Tuesday, 31 January, 2012
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It's cold outside, it's raining, the holidays are over and the global economy is sinking into the mud. So it must be time for the National Dance Awards, held annually in London by the Critics Circle, a group of people who have nothing to do with the Magic Circle, which is a shame. (that joke is never going away is it? Ed!)
We won't bother taking you through the runners and riders. Safe to say that the people you think were nominated for these things and the people who won these things are exactly the people you would expect to be both nominated and to win these things.
Except for one! This particular award was presented to Protein Dance in the category of "Best Independent Company". Now, the question that most naturally springs to mind for you, our dear readers, and for us, here in TheLab™, is "what the hell is an independent dance company?"
So we asked the
magic circle Critics Circle (CC) that very question. A spokesperson told us that classifying this particular award gave them much pause for thought. The CC don't think the name is very good and it might change but the name of the award has nothing to do with the size of the company, or how much funding they get.
The award is also not about the size of venues the company performs in or whether or not they have their own "home" venue.
We know this for certain because at least two of the nominees in the "Outstanding Company" category (English National Ballet and Richard Alston Dance Company) don't have their own venue.
You might argue that The Robin Howard Theatre, at ThePlace, is the home of RADC but that would be foolish because they almost certainly think of themselves as a mid to large scale venue kind of company and the Robin Howard is most definitely a small-scale venue.
The next question that springs to mind is why are there two awards for "best" company at all? Yes, one award uses the word "outstanding" but that's just a posh way of saying "best". Isn't a dance company just "a dance company"?
Once again the CC struggled to differentiate between the two categories. There was some discussion about the, now defunct, "foreign company" category but that didn't really make a lot of sense since Protein, and all the other nominees in the "best" category are UK based.
Not Making Sense
So what are we to make of this strange categorisation? We can only surmise that the CC considers the companies in the "best" category to be, somehow, less than the companies in the "outstanding" category. As far as they are concerned the "best independent company" is more than the scruffy lot at Resolution but not as good as the ENB or RADC, dancing in pyjamas lot (and we say that with love, honest!)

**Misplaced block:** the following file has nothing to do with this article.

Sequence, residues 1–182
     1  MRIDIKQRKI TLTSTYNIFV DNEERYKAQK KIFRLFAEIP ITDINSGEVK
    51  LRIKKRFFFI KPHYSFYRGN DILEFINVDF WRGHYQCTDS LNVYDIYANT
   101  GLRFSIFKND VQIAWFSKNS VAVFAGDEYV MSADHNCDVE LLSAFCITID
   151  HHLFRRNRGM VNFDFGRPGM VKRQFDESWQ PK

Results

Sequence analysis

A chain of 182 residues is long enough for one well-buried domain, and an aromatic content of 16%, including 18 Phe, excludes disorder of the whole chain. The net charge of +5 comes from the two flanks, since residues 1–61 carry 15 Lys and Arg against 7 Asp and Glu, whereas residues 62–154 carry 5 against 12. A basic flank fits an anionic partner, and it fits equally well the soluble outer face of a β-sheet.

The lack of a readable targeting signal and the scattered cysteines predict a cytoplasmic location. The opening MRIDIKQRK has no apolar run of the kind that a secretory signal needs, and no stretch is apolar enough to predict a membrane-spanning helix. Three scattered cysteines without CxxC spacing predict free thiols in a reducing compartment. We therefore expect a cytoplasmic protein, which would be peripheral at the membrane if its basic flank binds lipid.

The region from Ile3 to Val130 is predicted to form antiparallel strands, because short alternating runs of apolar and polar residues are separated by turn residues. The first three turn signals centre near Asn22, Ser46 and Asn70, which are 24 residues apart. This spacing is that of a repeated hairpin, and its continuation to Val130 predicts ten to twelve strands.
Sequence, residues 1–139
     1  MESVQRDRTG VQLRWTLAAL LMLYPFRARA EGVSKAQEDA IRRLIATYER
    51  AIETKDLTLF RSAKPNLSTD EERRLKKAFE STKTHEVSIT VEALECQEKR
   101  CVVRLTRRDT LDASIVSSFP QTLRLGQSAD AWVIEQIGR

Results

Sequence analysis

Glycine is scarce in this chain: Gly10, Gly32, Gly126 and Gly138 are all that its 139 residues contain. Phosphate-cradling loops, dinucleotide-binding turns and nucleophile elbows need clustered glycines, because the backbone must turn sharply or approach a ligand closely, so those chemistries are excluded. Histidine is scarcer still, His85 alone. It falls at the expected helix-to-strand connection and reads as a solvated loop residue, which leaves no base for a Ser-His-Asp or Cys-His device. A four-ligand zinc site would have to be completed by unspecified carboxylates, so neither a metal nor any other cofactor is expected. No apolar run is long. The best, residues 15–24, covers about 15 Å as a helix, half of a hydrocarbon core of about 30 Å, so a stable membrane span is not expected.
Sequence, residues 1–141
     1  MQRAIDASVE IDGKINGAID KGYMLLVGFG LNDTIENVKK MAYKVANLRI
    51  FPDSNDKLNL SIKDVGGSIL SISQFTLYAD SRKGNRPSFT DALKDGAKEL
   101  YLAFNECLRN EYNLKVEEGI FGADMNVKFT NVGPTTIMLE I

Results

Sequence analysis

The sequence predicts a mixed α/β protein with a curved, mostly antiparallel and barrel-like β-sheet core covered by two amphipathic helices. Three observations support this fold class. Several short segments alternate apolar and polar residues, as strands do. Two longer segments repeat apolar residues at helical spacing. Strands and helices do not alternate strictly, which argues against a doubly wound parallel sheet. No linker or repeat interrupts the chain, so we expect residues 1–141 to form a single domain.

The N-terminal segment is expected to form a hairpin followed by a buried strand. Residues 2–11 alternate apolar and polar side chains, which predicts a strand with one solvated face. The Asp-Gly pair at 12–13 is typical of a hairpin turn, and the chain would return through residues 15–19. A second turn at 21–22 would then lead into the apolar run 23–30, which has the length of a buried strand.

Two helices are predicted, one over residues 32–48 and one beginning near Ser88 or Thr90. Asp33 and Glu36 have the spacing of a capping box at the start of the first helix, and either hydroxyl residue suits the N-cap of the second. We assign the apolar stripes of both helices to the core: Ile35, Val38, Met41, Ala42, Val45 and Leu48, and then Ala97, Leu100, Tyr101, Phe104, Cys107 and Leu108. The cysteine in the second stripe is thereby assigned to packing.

The thought of moving the four companies from the "best" category into the upper echelons of the "outstanding" category was simply too much to bear for the CC. You can't put the street urchins from Protein or Tilted up there with the tutus and tiara mob so we'll just invent a fictitious category of dance company to keep them happy.
Many dancing folk inside the wacky world of dance would find it completely hilarious that the work of Protein and Maresa Von Stockert could't compete with RADC never mind the cartoonish antics at ENB or the Mariinsky.
What is it For?
Another point of contention with this award category comes down to why it is awarded in the first place. Protein did not win for a particular piece of work. That award went to Akram Khan for 'Vertical Road'. Since Protein don't make cars or computer software then, presumably, the award is being given for the work they make.
Surely if the company is the "best" at something, independent or not, then they should also be nominated and win for "best modern choreography", no?
Bizarrely, Protein did get a nomination for 'LOL' in the "best modern choreography" category but Akram Khan was not nominated in the "best independent company" category.
Are we to believe that Protein won for the quality of their administration, their ability with get-ins or the post show talks perhaps? If not then give them their bloody award for best choreography and be done with it!
Perhaps the problem is that Akram Khan might be good at making work but he drops the ball completely when it comes to filing the paperwork.
We can only speculate.
Finally, we note that women only won in categories that specifically stated the recipient had to be female. No female dance makers were nominated in either best modern or best classical categories. Make of that what you will but considering the above, is it really that much of a surprise to learn that the Critics Circle and its rusty old members are completely out of touch with reality?